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I have a zsh script that I would like to run via anacron every week.

It runs fine from an interactive bash shell, but when run by anacron, I am getting command not found errors and it looks like it is ignoring the shebang line.

The actual /etc/cron.weekly/ script is:

#!/bin/sh

[ -x SCRIPT ] || exit 1

su NORMAL_USER SCRIPT

And the top line of the actual script is #!/bin/zsh

How can I get anacron to honor the shebang? Would changing NORMAL_USER's login shell to zsh accomplish this?

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3 Answers 3

up vote 2 down vote accepted

Why it doesn't Work:
The reason that it doesn't work is that su requires that you run the command from a terminal, and cron does not provide a terminal.

Simple way to do it is using Vixie Cron:
If you didn't mind using Vixie Cron I think the simplest thing to do would be to put the script in for that user by running the following as that user:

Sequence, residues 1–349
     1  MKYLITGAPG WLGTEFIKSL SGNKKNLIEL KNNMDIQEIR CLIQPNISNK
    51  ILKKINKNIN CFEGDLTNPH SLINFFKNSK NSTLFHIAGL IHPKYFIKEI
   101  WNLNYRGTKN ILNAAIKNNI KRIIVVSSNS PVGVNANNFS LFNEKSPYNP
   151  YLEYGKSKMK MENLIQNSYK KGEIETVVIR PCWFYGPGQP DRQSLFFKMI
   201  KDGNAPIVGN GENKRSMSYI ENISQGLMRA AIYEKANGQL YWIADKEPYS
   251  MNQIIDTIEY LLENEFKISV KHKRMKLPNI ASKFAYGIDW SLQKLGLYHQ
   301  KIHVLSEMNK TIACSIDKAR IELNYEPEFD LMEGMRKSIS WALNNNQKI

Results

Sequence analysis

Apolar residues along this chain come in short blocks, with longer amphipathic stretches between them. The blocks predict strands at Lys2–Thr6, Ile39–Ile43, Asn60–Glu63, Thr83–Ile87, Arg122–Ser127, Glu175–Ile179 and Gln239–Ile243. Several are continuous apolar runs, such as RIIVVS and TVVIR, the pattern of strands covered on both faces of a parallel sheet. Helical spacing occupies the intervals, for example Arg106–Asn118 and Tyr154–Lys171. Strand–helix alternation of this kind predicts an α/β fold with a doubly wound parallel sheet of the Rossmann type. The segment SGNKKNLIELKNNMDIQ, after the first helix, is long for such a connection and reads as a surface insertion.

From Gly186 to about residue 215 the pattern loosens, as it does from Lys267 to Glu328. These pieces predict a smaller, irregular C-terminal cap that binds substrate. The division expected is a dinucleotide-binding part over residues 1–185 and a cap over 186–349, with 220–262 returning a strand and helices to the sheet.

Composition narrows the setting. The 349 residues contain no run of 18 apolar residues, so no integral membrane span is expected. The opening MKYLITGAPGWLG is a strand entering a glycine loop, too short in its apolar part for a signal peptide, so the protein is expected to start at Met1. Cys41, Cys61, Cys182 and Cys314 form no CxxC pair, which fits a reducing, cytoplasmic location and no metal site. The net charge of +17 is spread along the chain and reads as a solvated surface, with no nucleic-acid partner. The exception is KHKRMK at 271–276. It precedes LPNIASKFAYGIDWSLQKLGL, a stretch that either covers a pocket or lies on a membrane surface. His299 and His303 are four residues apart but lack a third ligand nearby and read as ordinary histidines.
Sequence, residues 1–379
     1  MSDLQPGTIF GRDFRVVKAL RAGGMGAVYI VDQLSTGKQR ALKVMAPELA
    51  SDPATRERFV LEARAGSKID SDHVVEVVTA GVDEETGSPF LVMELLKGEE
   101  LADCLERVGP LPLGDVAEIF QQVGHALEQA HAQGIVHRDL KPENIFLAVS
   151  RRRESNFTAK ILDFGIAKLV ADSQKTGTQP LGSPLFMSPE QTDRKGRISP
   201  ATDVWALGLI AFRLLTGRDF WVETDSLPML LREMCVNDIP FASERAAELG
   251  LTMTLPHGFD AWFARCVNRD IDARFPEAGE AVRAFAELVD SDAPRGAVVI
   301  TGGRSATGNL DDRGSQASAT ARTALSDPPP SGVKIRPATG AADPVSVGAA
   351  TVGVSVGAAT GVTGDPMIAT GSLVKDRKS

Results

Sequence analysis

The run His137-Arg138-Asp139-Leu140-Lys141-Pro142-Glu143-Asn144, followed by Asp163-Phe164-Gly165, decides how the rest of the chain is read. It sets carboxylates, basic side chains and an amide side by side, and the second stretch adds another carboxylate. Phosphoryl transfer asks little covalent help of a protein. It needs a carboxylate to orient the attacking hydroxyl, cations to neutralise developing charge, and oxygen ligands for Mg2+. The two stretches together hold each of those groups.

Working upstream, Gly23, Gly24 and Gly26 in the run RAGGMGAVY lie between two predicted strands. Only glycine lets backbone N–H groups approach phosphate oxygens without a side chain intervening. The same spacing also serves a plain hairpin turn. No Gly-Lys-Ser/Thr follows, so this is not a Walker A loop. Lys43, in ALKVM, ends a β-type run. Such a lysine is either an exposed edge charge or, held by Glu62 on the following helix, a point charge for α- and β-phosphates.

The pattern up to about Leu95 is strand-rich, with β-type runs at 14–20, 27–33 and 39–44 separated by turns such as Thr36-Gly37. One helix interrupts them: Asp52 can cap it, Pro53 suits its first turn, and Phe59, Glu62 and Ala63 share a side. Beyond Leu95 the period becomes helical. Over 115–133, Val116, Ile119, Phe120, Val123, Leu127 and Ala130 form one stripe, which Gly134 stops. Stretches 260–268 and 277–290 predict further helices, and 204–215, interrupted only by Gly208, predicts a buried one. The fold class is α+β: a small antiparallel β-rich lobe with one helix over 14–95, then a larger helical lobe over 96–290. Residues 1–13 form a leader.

crontab -e

Then use 0 0 * * 0 as the time.

If you want to use Anacron as a User:
Anacron is helpful if you want to make sure the job doesn't get missed if the machine was off. To run as different user, specify a different anacron tab file and spool dir, put the following in the system cron to run as the specified user, anacron -t /home/foo/etc/anacrontab -S /home/foo/var/spool/ and then edit that tab file to run the script.

There is also a mini-howto, but this looks more complicated.

You will have to test these though to verify. Lastly, remember this for future testing run-parts --test /etc/cron.weekly

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Changing the user's login shell to zsh makes this work. I had been wanting to try out zsh as my login shell for awhile anyway. Nothing like necessity to give you a push to do something.

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The shebang should take care of it. The first thing I look at when scripts don't run correctly under cron is environment variables such as $PATH. The $PATH for cron is much simpler than that of a user. You can set a $PATH in the cron script.

You can also hard-code the full path to all executables in your script.

If zsh is not at /bin/zsh you should get an invalid interpreter message, but you said it's running fine from a Bash prompt, so I doubt that's the problem.

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